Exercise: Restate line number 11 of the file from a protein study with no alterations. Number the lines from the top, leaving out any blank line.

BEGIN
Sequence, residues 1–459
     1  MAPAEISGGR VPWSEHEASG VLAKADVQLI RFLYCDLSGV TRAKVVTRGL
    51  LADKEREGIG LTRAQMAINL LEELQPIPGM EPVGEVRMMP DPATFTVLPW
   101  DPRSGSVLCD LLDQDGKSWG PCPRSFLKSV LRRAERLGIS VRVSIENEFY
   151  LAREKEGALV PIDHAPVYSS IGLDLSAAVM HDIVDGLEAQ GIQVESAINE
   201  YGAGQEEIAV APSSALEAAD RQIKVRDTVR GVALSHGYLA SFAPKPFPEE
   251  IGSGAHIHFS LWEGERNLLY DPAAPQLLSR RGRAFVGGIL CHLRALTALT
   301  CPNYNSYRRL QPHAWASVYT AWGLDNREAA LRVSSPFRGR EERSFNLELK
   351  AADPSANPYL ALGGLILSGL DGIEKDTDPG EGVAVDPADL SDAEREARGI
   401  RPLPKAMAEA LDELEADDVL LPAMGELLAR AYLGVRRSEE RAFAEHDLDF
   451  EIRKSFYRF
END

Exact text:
   451  EIRKSFYRF